by Megan Fitzpatrick
In 2008, I built a contemporary maple chimney cupboard to hold towels in my bathroom. Eight years on, I decided it was time for a matching medicine cabinet – in large part because the house I recently bought has solid masonry walls, so I needed a nice-looking mirrored cabinet that can hang on the wall rather than be recessed.
So, using that 2008 piece as a starting point, along with a similar piece that hangs in a friend’s bathroom, here’s what I came up with: a simple-to-make maple medicine cabinet that takes its cues from Arts & Crafts, but with joinery and style details that give it contemporary appeal.
When I initially modeled this cabinet in SketchUp, I used dovetails to join the carcase. But when it came time to build, I decided to use loose tenons instead. The resulting clean lines on the sides (no end grain) seem more in tune with an updated look, and loose tenons are plenty strong enough for this application.
But there is, of course, no reason you couldn’t use dovetails (tails on the sides), or even dowel joints.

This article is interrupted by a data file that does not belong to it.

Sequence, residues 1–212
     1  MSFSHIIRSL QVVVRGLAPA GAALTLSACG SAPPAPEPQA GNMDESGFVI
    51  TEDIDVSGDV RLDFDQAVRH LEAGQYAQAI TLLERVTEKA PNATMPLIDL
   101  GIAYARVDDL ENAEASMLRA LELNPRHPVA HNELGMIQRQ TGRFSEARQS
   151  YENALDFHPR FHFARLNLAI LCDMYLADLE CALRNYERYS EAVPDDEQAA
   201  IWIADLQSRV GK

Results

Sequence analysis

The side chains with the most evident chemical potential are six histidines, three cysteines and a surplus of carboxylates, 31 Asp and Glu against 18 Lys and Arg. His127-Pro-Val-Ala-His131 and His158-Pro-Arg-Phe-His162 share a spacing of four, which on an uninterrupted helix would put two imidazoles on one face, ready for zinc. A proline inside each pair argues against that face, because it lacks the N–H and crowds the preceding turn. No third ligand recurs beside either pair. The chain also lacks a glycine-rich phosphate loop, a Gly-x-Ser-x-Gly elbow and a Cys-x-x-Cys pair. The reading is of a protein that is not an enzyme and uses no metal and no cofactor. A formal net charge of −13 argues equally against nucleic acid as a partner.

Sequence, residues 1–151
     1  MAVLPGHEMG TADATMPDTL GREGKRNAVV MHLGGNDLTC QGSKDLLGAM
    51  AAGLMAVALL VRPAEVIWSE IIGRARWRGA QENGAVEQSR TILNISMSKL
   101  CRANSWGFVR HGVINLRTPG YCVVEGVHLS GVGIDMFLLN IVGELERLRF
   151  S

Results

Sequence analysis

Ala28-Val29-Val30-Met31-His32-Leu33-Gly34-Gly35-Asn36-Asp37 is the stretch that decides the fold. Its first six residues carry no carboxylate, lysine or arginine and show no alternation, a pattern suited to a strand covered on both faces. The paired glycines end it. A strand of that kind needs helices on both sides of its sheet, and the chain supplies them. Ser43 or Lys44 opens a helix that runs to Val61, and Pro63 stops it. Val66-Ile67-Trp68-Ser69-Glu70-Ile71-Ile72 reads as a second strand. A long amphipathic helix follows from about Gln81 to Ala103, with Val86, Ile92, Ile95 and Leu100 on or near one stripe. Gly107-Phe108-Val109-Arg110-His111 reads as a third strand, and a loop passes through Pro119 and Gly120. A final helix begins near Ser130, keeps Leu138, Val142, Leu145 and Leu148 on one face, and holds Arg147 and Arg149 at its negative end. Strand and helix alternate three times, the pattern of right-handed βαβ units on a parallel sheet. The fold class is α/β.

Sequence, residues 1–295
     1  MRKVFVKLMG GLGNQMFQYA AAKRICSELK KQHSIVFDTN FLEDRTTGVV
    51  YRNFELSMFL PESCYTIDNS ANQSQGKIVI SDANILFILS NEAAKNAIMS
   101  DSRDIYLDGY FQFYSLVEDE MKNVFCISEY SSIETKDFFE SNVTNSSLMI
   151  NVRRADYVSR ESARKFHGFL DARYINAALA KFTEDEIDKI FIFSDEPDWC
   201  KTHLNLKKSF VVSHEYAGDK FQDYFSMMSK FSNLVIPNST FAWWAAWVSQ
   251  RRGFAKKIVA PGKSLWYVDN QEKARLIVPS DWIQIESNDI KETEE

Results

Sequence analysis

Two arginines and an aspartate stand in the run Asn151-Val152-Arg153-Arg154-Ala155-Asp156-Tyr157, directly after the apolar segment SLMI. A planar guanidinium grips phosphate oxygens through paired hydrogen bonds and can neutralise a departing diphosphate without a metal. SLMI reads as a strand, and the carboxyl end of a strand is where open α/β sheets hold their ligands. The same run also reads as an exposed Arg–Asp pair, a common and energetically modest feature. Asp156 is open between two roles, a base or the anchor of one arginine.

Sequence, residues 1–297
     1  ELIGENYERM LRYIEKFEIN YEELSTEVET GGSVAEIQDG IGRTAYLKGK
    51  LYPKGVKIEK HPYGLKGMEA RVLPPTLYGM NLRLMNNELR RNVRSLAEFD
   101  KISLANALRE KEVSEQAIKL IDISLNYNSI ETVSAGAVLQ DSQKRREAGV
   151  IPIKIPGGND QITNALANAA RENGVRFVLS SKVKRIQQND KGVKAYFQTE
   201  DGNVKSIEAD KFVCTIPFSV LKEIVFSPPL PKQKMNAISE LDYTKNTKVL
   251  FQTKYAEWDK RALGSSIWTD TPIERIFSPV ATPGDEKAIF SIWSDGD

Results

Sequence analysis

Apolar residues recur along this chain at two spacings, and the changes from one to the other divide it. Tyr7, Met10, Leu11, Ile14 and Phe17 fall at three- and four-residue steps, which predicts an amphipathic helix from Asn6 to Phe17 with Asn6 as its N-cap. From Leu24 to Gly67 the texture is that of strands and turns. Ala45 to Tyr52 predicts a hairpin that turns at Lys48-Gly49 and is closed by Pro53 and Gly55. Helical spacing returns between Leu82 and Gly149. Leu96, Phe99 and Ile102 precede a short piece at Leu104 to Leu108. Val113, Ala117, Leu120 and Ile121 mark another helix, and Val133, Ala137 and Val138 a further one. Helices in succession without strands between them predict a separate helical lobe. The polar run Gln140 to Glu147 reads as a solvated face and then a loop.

The Festool Domino, however, plus a trick for the divided-light glass door I picked up from David T. Smith (more on that later), allowed me to make this piece in about 12 hours of shop time.
After surfacing and cutting my four case pieces to size (note that the top and bottom are 5⁄8″ narrower than the sides), I set up a dado stack on the table saw to cut 5⁄8″-deep x 1⁄2″-wide rabbets on the case sides to house the backboards.
Plan: Download a free SketchUp model of this project from our SketchUp Warehouse.
Article: “Rub to Create a Great Finish,” by Bob Flexner – free on our site.
In Our Store: “Making & Fitting Doors,” a digital magazine with eight articles.
To Buy: “Chimney Cupboard” by Megan Fitzpatrick & Glen D. Huey – the piece that inspired the style and wood selection for this medicine cabinet.
To Buy: “American Country Furniture: Projects from the Workshops of David T. Smith” (Fox Chapel).